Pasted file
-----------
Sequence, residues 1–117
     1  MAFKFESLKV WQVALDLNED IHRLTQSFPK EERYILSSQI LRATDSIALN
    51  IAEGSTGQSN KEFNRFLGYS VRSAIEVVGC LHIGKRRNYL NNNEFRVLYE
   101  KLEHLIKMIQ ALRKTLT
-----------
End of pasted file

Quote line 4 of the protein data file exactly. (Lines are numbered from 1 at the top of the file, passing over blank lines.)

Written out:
   101  KLEHLIKMIQ ALRKTLT